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We were not too impressed with the interiors. It does seems that they had retained the odd oval arrangement from the previous tenant. So, the round dining tables were quite haphazardly arranged and quite difficult to maneuver around. Color coordination was poorly done too — quite evident from the clash of colors from the table cloth to the curtains and ceiling. Not that it is a problem but it was just obvious that I had to mention it.

But it was really busy on the Saturday lunch time we were there. So that is a good sign.

They have a menu that covers a wide range … from simple $6 noodle dishes to $320 sharkfin soup on their menu. We decided to stick with the simpler choices (kids love them). I ordered quite randomly and at the end we had way too much food.

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Their Dan Dan Noodle ($5.50) was chokingly hot … you know, the type that makes you cough if you try to eat it too fast. The peanuts were really good and added so much flavour to it. Dan Dan Noodles are supposed to be dirt cheap (we used to have one that is only $2). So, I did notice that this is rather “expensive” at $5.50.

We actually ordered two baskets of Xiao Long Baos (no pictures) but it was not very good … just OK.

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The Shanghai Thick Noodle Soup was flavourful. I just love the thick soup. This reminds of the Loh Mein that I used to eat for supper in my younger days. This is just $6.50.

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What Suanne and I enjoyed most was the thing called “Sticky Rice with Flavour”. We had expected this to be the normal salty sticky rice but it came in a much larger serving drenched with some sweet sticky gooey thingy. It’s more like a dessert really. I highly recommend you try this as this is not a common dish. $7.50.

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Continue ReadingNo 1 Shanghai Cuisine on No 3 Road, Richmond

Popular Chinese Cuisine on Kingsway and Joyce, Vancouver

This restaurant has been closed according to Urbanspoon – updated 16th April 2010.

All I can say is … “Oh wow”. You really should check this place out.

Suanne and I get quite a number of recommendations from our readers. We like these recommendations as they are often little known restaurants with a lot of character to them.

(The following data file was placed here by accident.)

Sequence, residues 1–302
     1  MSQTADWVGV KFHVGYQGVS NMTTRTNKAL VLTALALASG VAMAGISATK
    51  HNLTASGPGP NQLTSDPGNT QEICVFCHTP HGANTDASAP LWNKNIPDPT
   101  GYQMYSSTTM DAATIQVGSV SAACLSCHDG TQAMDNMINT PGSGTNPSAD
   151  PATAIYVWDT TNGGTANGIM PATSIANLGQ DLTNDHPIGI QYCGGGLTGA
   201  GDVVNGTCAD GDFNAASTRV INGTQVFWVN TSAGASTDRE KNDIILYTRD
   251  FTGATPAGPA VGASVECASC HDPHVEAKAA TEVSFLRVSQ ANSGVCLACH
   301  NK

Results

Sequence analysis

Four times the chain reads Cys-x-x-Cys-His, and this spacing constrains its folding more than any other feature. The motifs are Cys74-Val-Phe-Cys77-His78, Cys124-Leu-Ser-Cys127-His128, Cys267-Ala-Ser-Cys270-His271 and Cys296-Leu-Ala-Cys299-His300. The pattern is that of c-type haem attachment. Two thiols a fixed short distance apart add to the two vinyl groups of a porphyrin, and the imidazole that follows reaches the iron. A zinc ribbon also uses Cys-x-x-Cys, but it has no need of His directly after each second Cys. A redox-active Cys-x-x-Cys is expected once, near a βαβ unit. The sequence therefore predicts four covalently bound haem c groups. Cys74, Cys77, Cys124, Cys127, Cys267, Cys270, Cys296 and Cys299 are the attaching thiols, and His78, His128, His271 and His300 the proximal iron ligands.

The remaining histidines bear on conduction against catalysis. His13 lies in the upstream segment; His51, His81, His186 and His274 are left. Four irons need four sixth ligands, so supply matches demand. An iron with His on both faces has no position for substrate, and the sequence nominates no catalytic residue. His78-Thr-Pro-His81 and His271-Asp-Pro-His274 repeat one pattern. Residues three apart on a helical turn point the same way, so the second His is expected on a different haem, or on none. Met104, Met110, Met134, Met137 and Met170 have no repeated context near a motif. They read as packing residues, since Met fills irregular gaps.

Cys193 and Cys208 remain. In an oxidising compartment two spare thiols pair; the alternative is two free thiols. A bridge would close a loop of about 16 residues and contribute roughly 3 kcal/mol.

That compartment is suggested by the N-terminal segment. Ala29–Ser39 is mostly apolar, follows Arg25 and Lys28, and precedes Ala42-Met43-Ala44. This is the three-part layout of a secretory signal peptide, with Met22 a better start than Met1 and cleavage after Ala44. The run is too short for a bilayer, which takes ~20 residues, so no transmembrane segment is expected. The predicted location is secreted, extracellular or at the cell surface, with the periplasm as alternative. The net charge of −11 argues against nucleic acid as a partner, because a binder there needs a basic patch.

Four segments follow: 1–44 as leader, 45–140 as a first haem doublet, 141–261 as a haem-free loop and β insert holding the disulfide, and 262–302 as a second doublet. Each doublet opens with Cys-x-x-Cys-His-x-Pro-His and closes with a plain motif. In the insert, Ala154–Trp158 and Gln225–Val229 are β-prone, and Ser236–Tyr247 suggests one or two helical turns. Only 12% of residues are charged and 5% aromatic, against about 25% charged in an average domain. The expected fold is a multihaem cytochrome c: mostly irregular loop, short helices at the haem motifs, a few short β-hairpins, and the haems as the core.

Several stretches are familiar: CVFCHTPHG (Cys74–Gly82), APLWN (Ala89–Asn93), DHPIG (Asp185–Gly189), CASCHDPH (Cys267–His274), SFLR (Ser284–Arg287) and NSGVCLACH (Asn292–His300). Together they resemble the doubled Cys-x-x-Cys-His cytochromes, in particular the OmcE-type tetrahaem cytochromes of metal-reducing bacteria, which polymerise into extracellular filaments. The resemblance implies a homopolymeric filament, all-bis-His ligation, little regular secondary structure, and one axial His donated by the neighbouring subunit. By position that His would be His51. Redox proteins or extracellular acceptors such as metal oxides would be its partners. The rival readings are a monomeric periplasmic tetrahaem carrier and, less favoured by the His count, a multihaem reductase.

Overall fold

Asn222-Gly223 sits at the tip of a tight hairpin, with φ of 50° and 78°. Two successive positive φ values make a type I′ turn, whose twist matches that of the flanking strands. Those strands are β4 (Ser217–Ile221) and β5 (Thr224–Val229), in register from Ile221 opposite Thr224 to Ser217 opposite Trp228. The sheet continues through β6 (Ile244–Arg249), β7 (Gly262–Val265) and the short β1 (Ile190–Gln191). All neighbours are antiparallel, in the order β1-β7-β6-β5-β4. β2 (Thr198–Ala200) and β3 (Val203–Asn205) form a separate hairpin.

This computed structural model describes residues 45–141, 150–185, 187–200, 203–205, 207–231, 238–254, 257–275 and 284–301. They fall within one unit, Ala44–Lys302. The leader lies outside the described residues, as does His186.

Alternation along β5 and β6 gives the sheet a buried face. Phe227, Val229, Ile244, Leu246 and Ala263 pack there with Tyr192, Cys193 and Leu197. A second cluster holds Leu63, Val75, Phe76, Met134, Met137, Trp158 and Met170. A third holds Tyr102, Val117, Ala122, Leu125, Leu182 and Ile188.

Eric, who we do not know personally, sent us a note raving about the Northern Chinese restaurant find that he had been going to for the past while. Specifically he pointed out that their specialty is Soup Dumplings (Xiao Long Bao) … MSG-free Xiao Long Bao.

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Suanne and I decided to take that drive to Popular Chinese Cuisine Restaurant. Popular is located on the north side of Kingsway between Joyce and Tyne.

From the outside, we thought that this is probably the last eatery we will try in the row of restaurants which included the Congee Noodle King. The blinds were drawn which does make people who walk past not really care what to check.

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Eric described this place as a hole-in-the-wall family owned restaurant. While it is definitely family owned, it does not conjure images of small dark restaurants. As a matter of fact, the restaurant is bright, clean and spacious. However, it is a very quite restaurant with ours the only other table taken that evening.

Popular is run by a husband and wife team. They were friendly and helpful but the thing is that they speak only Mandarin. We managed despite the language problem. Instead of choosing our own dish, we asked them for the favourite dish of their customers.

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Of course we had to order the Xiao Long Bao. They came in a steamer with individual dumplings placed in mini saucers. I thought it was a neat idea having never seen this before.

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One thing that struck me was how thin the dough skin was and yet being able to hold in the gelatin soup. I guess the reason why they serve this in mini saucers was because of the thinness of the almost translucent skin.

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Suanne told me she saw on TV how the delicate Xiao Long Bao is to eaten. You need a soup spoon to hold it. You first bite off a corner at the thinner side and then carefully sip the scalding soup before you eat the rest of it.

Their Xiao Long Bao was great. They reminded us that they are MSG free. Six dumplings for $4. Not bad I thought.

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Before the meal came, they even gave us some free pickles and stuff. The one in the background is some pickled vegetable … carrot with daikon I think. The peanuts were particularly good and was wondering where they got that from.

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The Sliced Fish with Wine Sauce was great too. We were surprised how big a plate this came in. This one dish was definitely more than enough for two people. Served steaming hot, it has a very nice rice wine fragrance to it.